Incentivize free writing at home and school.
When children learn to write well they are not just cultivating academic skills, they’re also opening up a new avenue for self-expression. Creative tasks foster positive associations with writing, so children see it not just as an activity for learning and reporting information at school, but a way of getting their thoughts across. It doesn’t matter who reads what they are writing or even what it is about, it’s just a good idea if it becomes a regular activity.
Parents might suggest keeping a personal diary with a journal entry a day resulting in a special treat at the end of the week. It’s also important for teachers to encourage any and every opportunity for writing, as the more kids write, the more they will improve their writing skills.
Suggest copying activities.
Copying or memorizing favourite poems, quotes or any other pieces of written language can help children focus their attention on form, use and meaning and incorporate new structures into productive use. While no parents or teachers would advocate plagiarism, borrowing sentence structures for your own ideas is how children learn to write and improve their writing. They will lift phrasing from everything they read and you can help encourage the process by providing them with specific materials to work with.
Learning Difficulties that Delay or Affect Kids’ Writing Skills
While no two children with dyslexia will have exactly the same symptoms, the dyslexic child often struggles to cultivate reading and writing skills. If they have a hard time learning to read, vocabulary will be impacted, which makes writing more difficult. Try out different teaching strategies as it’s crucial to help these kids before they fall behind in early literacy skills development.
For some children and adults, the act of handwriting is actually physically painful or can cause mental strain. Everything from forming the letters to deciding on the spacing between words requires so much cognitive energy that very little is left over for thinking about the ideas, flow, spelling and/or punctuation in an assignment. It’s almost always advised that kids who have dysgraphia learn to write on a computer using touch-typing.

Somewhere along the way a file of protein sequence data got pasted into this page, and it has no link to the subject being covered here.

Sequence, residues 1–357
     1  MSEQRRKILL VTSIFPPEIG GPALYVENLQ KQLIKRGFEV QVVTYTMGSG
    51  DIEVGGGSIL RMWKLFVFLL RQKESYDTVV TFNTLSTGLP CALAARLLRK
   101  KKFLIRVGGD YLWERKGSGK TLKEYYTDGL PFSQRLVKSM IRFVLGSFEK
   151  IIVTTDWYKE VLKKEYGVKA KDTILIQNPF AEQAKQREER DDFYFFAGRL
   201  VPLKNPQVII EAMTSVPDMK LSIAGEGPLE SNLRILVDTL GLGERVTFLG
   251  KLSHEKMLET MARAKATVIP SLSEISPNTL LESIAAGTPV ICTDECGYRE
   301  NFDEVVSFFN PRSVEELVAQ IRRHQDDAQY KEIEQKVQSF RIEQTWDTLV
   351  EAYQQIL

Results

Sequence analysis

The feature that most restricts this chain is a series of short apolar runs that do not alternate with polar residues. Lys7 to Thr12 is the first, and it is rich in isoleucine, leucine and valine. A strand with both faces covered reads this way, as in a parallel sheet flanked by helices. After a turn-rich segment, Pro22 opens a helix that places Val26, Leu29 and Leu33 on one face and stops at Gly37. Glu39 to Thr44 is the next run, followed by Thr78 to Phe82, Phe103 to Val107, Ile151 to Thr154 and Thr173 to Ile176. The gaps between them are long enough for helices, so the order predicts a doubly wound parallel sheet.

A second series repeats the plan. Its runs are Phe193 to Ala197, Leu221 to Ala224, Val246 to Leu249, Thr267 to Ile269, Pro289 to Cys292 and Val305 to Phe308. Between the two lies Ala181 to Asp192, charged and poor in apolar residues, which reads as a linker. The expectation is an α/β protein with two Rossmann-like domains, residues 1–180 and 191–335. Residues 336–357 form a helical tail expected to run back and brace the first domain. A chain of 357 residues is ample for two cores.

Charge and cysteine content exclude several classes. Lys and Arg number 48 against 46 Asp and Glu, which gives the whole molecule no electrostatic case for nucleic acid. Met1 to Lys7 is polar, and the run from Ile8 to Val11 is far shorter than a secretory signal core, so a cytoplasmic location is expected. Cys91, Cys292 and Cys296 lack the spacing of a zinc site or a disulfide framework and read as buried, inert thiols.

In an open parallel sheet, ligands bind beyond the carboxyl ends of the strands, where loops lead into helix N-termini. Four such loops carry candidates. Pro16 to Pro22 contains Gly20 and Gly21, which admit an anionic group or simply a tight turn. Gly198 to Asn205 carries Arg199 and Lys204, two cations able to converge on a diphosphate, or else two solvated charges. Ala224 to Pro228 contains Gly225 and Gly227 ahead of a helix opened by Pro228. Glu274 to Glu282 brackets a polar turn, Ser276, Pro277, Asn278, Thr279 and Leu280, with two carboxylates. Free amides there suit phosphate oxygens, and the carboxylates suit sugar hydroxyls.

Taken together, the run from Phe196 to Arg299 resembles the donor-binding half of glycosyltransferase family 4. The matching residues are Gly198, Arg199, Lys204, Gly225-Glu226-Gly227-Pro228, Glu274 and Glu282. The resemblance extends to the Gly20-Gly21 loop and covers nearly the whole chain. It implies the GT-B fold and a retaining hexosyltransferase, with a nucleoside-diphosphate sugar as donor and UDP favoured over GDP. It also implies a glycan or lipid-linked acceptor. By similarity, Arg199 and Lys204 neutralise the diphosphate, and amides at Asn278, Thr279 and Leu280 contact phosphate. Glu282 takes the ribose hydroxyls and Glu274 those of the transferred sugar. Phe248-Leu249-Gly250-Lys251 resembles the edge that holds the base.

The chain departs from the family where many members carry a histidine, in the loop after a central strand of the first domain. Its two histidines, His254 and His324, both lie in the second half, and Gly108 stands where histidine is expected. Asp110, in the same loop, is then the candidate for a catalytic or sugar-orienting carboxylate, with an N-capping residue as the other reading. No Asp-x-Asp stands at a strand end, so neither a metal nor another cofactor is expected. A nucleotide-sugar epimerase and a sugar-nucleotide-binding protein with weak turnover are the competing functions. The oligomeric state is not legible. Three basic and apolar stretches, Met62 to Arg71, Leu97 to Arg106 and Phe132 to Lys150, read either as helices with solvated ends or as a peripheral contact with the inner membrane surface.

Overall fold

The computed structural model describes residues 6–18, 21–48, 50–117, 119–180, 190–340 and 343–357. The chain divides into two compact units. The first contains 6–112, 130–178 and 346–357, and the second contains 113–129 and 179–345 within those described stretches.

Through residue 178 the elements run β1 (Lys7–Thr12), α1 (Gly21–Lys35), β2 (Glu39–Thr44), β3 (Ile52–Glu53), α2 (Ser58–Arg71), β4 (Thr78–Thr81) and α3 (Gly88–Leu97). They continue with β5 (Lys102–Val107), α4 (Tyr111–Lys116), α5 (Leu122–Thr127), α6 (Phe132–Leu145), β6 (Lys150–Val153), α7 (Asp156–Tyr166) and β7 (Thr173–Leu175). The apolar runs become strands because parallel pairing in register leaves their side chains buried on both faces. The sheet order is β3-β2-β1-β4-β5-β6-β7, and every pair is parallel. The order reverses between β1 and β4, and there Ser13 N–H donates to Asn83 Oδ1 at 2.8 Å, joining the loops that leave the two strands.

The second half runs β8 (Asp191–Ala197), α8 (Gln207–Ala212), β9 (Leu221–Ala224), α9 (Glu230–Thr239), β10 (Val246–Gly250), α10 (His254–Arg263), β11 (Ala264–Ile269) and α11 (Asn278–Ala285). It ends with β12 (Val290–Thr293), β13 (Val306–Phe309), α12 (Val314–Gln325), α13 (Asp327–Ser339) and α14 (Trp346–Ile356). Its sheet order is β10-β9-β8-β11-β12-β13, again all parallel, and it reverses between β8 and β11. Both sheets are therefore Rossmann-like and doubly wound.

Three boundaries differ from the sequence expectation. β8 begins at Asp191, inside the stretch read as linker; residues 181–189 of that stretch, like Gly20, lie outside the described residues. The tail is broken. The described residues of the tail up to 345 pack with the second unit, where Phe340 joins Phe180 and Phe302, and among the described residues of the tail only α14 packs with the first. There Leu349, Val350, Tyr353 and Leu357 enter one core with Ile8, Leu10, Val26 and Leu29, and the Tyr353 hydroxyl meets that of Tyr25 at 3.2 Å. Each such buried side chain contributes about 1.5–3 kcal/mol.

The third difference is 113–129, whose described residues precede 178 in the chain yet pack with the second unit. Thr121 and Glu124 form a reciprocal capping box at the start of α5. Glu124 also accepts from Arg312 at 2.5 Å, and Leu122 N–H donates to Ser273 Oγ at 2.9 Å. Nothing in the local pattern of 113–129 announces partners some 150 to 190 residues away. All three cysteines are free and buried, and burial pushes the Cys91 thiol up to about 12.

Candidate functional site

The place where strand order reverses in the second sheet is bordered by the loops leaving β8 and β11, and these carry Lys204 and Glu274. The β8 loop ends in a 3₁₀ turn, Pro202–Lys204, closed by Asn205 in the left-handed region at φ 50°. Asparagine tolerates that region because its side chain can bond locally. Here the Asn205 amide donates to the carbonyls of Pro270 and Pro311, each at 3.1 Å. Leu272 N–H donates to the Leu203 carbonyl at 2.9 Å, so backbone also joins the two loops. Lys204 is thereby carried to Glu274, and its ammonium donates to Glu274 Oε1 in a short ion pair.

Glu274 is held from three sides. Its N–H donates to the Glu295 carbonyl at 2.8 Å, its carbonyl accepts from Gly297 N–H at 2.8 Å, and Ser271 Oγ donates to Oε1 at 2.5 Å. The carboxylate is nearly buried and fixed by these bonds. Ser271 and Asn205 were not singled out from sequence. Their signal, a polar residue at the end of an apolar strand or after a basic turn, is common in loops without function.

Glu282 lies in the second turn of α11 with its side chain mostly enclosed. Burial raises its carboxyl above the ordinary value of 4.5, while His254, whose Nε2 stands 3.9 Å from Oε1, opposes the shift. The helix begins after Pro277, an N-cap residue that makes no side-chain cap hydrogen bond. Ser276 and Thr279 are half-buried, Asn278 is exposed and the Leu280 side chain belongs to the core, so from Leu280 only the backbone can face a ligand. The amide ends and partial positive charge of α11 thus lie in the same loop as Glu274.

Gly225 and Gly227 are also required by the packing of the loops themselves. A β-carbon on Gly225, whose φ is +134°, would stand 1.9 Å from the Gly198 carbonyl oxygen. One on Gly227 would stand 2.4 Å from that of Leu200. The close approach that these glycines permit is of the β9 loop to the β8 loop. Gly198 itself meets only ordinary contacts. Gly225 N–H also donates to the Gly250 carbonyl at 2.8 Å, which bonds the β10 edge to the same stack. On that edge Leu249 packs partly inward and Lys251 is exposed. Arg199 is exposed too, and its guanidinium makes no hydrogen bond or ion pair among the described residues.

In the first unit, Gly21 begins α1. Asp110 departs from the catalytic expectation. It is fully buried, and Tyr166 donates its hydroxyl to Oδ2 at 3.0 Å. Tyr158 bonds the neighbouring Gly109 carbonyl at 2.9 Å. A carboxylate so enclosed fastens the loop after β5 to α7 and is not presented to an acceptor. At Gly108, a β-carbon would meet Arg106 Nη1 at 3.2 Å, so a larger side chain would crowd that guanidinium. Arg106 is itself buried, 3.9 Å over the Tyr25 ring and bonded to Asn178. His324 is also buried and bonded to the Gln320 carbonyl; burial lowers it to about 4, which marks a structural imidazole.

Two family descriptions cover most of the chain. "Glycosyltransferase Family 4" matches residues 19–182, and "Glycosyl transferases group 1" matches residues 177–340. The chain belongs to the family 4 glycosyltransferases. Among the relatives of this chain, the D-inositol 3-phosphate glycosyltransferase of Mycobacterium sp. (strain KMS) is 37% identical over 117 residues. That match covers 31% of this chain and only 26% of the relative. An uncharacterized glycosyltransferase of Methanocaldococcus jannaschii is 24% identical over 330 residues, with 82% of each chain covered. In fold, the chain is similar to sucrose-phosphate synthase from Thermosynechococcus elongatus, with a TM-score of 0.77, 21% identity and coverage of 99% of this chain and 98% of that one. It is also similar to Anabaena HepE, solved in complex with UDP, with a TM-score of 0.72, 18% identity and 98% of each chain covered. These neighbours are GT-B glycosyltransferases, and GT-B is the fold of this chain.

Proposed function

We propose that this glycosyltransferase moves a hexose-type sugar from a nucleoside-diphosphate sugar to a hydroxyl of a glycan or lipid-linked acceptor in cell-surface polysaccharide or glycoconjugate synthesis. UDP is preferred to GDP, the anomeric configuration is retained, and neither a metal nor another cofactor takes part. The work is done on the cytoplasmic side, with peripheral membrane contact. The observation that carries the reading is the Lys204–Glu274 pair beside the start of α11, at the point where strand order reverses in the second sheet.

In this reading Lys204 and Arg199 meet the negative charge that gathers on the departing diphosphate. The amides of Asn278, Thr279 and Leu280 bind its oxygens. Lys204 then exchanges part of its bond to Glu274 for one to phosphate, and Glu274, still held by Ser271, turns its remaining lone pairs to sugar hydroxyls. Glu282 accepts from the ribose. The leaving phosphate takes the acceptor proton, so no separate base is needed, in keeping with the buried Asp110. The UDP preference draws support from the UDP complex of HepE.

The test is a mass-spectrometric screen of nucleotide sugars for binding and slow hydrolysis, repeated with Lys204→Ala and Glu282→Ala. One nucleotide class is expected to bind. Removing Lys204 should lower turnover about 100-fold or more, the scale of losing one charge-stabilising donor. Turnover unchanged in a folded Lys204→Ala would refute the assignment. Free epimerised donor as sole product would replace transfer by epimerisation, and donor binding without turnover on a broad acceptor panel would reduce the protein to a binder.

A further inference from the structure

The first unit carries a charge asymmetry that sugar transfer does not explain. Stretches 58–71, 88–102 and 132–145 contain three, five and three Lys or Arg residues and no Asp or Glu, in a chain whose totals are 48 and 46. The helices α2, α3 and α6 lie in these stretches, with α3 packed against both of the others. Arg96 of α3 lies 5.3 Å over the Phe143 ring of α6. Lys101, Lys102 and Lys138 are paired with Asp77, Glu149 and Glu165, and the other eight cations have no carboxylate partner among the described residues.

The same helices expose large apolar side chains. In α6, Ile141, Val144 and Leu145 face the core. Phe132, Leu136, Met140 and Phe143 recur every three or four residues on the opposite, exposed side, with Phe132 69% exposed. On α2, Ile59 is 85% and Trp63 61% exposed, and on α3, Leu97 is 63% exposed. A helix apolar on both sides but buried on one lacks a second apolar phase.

Similar to the handwriting difficulties experienced by children with dysgraphia, dyspraxia has to do with difficulties with fine motor skills. This can make holding a pen or pencil difficult. It also impacts on planning and organization skills, something that’s essential for children who are learning how to write. Brainstorming ideas in charts and filling out outlines can help these kids.
Children with Attention Deficit Hyperactivity Disorder may struggle to focus and pay attention to how the idea they are working on relates to the larger text. It can be helpful to take the help of some literacy educational toys with reading and writing activities that don’t make it look like a school task to them. You can also give them an opportunity to move around the room or stretch every few minutes. Many kids are successful writing in their heads, that is working out their thoughts before sitting down to record them.
Parents and teachers can help by going over the task instructions multiple times, giving children an opportunity to talk about the topic in order to generate ideas, and then allowing enough time to write. Neatness and spelling can be corrected later once the child has learnt the skill of writing. And so initially, it’s better to give students or children shorter tasks to help them become acquainted with the practice of writing.